• Do you build trust and rapport?
  • Do you take pride and recognise the behaviours you exhibit and want to see in others?
  • Do you accept Personal Responsibility In Delivering Excellence? ~ PRIDE

Emotional Gem

We, humans, are emotional beings, and at the end of each session, our gift to you is an insight into an emotion.

Did you know that we have over 250 emotions? Yet, we only understand or talk about +/- 12. By exploring these, you may be surprised at what you learn.

Karin has been studying Emotional Literacy with Dan Newby, the founder of the School of Emotions and references emotional literacy regularly during her coaching conversations.

Today's Emotional Gem is... PRIDE

  • Story: I did something good and want to tell others
  • Impulse: (what action does it trigger in us?) To tell others what I have done
  • Purpose: Allows us to tell others about the good things we have done

Pride allows us to share our accomplishments so that others can know what we value accomplishing in life. Pride is often confused with the emotion of Arrogance. The difference is that Pride is the emotion that lets you show how I feel about things I have done and is non-comparative. Arrogance is based on comparing myself with others and the belief I am superior or that they are inferior. If you steer clear of comparison, pride will serve you well.

Feel safe in taking Pride in all the good things you do. Whether it be picking up that lone piece of rubbish or helping another to do the same.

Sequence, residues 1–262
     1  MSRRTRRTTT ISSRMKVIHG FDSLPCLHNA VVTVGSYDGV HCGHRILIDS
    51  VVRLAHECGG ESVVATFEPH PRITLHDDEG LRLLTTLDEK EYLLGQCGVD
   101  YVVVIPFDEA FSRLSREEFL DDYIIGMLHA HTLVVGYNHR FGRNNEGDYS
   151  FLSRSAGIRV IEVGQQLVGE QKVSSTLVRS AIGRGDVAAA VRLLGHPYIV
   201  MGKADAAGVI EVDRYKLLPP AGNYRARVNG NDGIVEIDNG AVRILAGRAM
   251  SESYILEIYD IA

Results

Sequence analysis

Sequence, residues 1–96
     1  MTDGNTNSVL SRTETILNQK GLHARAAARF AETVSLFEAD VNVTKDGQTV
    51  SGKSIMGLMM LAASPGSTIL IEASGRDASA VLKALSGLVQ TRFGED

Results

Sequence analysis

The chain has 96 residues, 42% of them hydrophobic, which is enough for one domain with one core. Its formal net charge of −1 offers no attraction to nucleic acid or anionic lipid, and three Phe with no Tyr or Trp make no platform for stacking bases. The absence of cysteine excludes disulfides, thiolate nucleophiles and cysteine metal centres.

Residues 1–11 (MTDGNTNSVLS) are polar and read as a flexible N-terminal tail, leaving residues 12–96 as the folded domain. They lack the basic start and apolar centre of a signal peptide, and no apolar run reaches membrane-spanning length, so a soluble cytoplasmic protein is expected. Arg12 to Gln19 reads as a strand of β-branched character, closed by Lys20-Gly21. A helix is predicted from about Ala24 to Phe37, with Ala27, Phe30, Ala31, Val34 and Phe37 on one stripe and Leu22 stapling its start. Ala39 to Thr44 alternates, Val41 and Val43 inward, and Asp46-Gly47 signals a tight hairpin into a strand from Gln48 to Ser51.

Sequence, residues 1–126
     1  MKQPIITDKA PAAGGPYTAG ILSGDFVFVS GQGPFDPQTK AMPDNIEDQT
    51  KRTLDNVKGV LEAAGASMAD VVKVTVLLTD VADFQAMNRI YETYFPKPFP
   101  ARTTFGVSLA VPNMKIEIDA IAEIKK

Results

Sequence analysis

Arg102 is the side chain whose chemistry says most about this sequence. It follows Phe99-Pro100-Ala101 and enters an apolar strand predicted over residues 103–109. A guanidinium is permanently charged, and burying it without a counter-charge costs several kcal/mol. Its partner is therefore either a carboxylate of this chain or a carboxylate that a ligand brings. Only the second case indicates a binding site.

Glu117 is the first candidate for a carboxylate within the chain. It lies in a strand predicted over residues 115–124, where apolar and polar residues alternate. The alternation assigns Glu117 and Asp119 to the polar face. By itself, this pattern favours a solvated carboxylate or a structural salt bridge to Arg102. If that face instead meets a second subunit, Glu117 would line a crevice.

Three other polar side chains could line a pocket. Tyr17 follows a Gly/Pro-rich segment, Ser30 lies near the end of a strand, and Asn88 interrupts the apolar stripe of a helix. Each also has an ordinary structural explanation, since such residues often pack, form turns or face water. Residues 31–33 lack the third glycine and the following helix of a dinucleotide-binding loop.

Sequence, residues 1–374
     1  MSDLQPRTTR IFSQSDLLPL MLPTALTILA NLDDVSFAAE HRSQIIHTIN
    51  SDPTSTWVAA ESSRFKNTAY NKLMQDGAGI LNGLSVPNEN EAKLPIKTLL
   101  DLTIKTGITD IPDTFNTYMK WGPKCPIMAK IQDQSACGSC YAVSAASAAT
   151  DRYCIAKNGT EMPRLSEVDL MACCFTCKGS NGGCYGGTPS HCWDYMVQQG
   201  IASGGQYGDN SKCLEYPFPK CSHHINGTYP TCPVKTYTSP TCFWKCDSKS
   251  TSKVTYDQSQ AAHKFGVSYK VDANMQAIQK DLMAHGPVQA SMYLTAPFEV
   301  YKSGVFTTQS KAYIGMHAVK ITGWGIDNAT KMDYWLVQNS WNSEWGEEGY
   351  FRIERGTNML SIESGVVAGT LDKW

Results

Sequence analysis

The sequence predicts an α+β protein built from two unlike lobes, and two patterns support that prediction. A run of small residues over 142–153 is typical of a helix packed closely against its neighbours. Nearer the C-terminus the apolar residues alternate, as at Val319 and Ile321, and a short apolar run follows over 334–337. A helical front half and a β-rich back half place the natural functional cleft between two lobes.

Similar feeling emotions are Arrogance, Dignity, Happiness and Satisfaction


We use the iPhone app Emote: Mastering Your Emotions to select the Emotional Gem for each episode. To learn more about emotional literacy and access the app visit the School of Emotions

About the Show

Our purpose in sharing this podcast is to have a chinwag (conversation) to help people change how they think and behave about safety. 

We do this by engaging in dialogue and testing the levels of trust and psychological safety, which are core to organisational culture. Making safety part of your DNA so that your people speak up, show up, do right, and become safer every day for yourself, your team, and your business.

We will explore topics related to organisational and safety culture, leadership, the language of risk, emotional literacy, psychological safety, conversational agility, intercultural intelligence, and whatever else pops up during our conversations—sharing our experiences and learnings. 

We intend to share nuggets of wisdom that will challenge your perspectives, potentially solve a nagging problem, share actions you can implement, and give you at least one aha moment.

And, if you enjoyed the show and gained value, please share with just one other person to help spread the word.